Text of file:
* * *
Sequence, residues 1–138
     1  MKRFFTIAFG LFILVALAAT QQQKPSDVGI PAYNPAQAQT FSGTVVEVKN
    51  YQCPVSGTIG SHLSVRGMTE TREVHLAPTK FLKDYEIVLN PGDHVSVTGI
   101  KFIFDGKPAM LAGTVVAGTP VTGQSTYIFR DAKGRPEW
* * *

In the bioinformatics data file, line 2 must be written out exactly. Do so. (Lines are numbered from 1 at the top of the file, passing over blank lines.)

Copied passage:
     1  MKRFFTIAFG LFILVALAAT QQQKPSDVGI PAYNPAQAQT FSGTVVEVKN